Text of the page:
The next few days, we stayed with Monique’s family at the bach and had many a good time enjoying a neighbour’s 50th and a boat ride over to Tarawera falls! The 50th was a gong show of free food and wine with a live band to set the mood. These guys were great especially due to their inclusion of several ACDC songs and Deep Purple’s Smoke on the Water! The night was ended with a drunk Easter egg hunt and a hot tub over at a dude named Jeff’s house. All in all, amazing weekend in no small part thanks to Monique and her family!
I realize I am jumping from weekend to weekend in this post but I need to get on top of this thing. Also, most of my weekdays are filled with studying, attending class and planning epic weekend excursions! There is the occasional trip to roll training (kayaking) every Tuesday as well as the odd trip to the quarry for some rock climbing, but for the most part I have classes to keep me busy.
Due to the fact that Easter weekend extended all the way to Tuesday, I had a lot of catching up to do as the mid-semester break approaches. Unfortunately, I had to spend most of this next weekend catching up on work, but this doesn’t mean it was a total loss. Grant, Leo, Amaury and I managed to squeeze in a Sunday trip to Wairoa River for some awesome paddling. Like many rivers in NZ, the Wairoa is dam controlled meaning the flow starts at 10 and ends at 4pm sharp. This meant we had to head down early in the morning to make the most of the day’s flow. Grant and I caught a ride with a dude named Roger who just joined up with the club and was nice enough to hook us up with a ride and even the use of his dry top! This vastly improved my paddling experience as getting cold was no longer a factor! After meeting up with the AUCC crew, Grant, Amaury, Leo and I were placed under the leadership of one of the clubs amazing instructors, Ellie. She was an amazing teacher and I learned a lot about paddling in a short amount of time. Aside from teaching us some basic skills, she was also there to save us several times each. Add to this the pointers given to me by Roger and I had one informative day! After messing around near the play wave for a few hours, the rest of the club members showed up and we hit the grade 2 section of the river. I managed to flip three times requiring 2 T-rescues and was able to right myself once! 1/3, not bad!
Turns out that joining the AUCC was the best decision I’ve mad so far. The next weekend was the Anawhenua trip just outside of Rotorua and in contrast to the Wairoa trip, this one was quite a bit bigger in terms of participants. Life Ful James, we managed to basically fill a campsite with rowdy kayakers. We were split into 3 groups: The Carnivorous River Ducks, the Lochness Monsters and the Taniwhas (Maori for sea monster). This was just a means to organize the crowd of people who decided to show up. Marjie and I hitched a ride down with Hamish, a Kiwi from Auckland and when we arrived, we basically just set up the tents and passed out. The next morning the CRDs (Marjie, Bianca and I) and the Lochness Monsters (Grant, Leo, Pierce and Lyssa) headed up to the Rangitaiki River to do some rafting! I’m sure it was due to the drought but the water level here was actually quite low apparently. Not to say it wasn’t a good time, definitely got smashed around quite a bit, but we were also getting stuck on rocks a decent amount. By the time we finished our 2 hour lap and the other group theirs, it was dinner time so we headed back to camp for some campstove chicken fajitas! That night was a booze fuelled shin dig down at some veterans pub just up the highway during which a good old fashioned shirt swap took place. Apparently this is a club tradition, switching shirts for other shirts, dresses and sometimes bras. Luckily the club extended the courtesy of letting the pub know we were all coming so they had time to stock up so they would be drunk dry. When the party was finished we all headed back to camp to get some sleep and hopefully rest up for tomorrow’s paddling. The morning arrived too soon by my reckoning and before long, we were off up the road to the Anawhenua section of the Rangitaiki river to do some good old grade 2 paddling. I grabbed me a Mystic Creeker and when we were all set up, the instructors would shove us off the edge of the walkway, a good 2m drop to the water below. Compared to Wairoa, this was quite a bit easier but nonetheless an awesome time.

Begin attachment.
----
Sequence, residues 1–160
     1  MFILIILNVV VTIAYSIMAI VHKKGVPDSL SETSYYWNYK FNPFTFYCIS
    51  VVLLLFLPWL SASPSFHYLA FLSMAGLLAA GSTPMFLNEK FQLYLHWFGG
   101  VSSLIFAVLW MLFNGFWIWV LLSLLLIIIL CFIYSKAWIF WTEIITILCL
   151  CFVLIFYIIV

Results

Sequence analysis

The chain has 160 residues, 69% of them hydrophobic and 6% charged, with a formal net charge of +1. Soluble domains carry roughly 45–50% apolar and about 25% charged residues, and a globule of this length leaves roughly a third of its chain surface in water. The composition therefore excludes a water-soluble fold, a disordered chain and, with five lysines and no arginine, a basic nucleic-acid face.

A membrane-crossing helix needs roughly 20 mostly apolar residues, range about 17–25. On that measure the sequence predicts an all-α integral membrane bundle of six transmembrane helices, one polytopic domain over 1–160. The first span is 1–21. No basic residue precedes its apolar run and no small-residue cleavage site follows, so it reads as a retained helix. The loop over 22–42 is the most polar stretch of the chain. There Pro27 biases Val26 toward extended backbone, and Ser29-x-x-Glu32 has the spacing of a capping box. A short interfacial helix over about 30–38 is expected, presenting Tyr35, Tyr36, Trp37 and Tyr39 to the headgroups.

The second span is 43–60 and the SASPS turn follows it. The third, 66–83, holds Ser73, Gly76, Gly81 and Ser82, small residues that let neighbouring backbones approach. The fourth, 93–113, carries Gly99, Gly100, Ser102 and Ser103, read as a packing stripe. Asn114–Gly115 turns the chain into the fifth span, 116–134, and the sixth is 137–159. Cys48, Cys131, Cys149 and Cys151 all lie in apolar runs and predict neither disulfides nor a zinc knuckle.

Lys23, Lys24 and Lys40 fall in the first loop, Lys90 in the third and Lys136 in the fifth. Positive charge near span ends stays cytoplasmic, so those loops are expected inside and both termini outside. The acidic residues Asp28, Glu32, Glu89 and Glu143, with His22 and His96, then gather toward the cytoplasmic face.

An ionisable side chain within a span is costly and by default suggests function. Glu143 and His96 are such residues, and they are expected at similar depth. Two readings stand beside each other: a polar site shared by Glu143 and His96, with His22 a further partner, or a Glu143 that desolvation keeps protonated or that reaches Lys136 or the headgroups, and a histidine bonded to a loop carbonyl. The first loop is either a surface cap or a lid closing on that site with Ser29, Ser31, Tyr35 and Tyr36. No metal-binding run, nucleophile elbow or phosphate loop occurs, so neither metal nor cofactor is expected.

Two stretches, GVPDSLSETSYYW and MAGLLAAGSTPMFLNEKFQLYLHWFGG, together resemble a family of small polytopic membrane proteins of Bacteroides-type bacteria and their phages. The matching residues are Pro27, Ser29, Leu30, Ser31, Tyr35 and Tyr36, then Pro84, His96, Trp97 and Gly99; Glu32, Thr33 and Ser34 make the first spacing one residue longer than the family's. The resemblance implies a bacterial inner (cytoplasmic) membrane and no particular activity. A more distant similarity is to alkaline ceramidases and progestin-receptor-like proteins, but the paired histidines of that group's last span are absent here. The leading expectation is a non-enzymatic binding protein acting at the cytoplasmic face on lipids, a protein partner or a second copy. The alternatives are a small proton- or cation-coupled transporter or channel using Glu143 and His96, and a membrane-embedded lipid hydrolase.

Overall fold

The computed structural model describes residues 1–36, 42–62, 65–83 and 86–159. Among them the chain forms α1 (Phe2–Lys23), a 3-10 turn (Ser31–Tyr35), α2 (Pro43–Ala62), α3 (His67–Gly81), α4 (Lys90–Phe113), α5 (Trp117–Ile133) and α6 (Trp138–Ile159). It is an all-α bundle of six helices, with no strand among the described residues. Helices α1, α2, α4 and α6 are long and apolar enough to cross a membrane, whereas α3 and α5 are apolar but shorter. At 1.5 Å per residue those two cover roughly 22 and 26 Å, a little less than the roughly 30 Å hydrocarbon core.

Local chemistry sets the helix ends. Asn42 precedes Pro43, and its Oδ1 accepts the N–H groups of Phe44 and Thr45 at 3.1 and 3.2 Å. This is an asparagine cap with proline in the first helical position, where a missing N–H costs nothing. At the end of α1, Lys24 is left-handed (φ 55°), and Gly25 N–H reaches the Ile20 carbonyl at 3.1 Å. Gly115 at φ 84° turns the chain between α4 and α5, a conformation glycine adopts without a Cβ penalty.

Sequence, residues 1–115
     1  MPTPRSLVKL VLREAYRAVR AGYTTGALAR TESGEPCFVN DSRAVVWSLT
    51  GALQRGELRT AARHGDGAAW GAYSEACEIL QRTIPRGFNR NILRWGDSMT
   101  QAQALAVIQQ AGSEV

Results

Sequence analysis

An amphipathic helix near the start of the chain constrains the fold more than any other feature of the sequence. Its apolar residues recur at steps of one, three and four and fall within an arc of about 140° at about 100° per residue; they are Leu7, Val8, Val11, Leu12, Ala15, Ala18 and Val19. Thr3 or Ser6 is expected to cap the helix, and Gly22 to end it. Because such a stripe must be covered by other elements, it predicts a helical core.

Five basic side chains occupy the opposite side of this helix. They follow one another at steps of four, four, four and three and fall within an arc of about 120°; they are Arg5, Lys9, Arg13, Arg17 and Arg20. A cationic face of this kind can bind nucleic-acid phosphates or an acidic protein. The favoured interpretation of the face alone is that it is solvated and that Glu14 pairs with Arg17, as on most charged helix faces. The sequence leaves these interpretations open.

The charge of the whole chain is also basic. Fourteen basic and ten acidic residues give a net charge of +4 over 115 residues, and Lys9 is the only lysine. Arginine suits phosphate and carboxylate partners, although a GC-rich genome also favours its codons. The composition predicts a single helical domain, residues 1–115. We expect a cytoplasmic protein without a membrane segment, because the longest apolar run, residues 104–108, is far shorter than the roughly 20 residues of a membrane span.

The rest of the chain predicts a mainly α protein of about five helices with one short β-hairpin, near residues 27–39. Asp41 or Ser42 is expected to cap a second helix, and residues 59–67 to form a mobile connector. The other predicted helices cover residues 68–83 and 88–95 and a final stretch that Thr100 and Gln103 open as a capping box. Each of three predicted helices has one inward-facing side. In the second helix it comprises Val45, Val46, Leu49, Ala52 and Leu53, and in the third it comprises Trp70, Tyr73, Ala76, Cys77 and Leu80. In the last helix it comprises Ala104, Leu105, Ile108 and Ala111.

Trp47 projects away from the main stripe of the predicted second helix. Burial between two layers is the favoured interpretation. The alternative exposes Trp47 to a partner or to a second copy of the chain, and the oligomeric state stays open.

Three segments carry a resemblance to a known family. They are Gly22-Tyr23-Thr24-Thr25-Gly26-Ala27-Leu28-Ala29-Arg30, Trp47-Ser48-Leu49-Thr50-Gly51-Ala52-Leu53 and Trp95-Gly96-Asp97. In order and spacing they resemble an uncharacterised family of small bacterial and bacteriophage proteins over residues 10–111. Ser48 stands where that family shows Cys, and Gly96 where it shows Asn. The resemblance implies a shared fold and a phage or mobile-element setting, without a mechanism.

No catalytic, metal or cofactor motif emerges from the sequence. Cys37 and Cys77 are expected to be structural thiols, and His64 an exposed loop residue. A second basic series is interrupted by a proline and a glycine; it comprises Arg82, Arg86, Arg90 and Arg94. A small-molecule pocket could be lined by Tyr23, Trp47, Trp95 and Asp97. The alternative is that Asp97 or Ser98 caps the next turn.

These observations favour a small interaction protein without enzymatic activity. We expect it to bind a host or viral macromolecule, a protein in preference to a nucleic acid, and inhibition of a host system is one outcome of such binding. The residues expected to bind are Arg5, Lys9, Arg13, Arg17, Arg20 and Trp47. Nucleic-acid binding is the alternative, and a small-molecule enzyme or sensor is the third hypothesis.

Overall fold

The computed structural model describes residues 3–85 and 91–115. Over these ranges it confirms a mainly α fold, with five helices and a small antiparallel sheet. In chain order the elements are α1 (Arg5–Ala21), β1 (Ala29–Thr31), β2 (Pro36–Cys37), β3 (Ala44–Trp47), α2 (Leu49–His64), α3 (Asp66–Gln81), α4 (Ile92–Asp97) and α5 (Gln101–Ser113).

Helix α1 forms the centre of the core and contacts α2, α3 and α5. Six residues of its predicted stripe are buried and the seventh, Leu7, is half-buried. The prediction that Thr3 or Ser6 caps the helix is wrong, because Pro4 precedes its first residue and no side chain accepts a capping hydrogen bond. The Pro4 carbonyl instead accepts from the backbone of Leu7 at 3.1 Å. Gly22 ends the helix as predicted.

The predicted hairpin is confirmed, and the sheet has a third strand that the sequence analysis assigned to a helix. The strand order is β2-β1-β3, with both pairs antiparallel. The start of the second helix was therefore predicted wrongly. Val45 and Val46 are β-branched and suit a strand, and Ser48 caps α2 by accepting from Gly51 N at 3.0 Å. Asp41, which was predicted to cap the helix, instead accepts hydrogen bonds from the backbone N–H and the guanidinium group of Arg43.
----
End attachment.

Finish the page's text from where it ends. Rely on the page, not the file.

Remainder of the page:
The following week was a week from hell in my opinion. Four exams and a research paper due before heading out on Mid-semester break! Unfortunately for me, one of these exams was a final for a correspondence course I was doing through TRU and it ended up taking up a good 3 hour portion of the day. Other than that, the other tests were almost enjoyable and right now I am in the midst of finishing up my research paper. Just thought I’s take a break and get this blog all caught up!
Patrick gets here tomorrow at 1am from Singapore, just enough time to drop some stuff off in my room and catch the 4am shuttle back to the airport for the most epic adventure yet…the South Island!
I feel I must apologize for two things: taking my sweet as time on getting this post up and again for the length but I thank you for taking the time to give it a read. Cheers!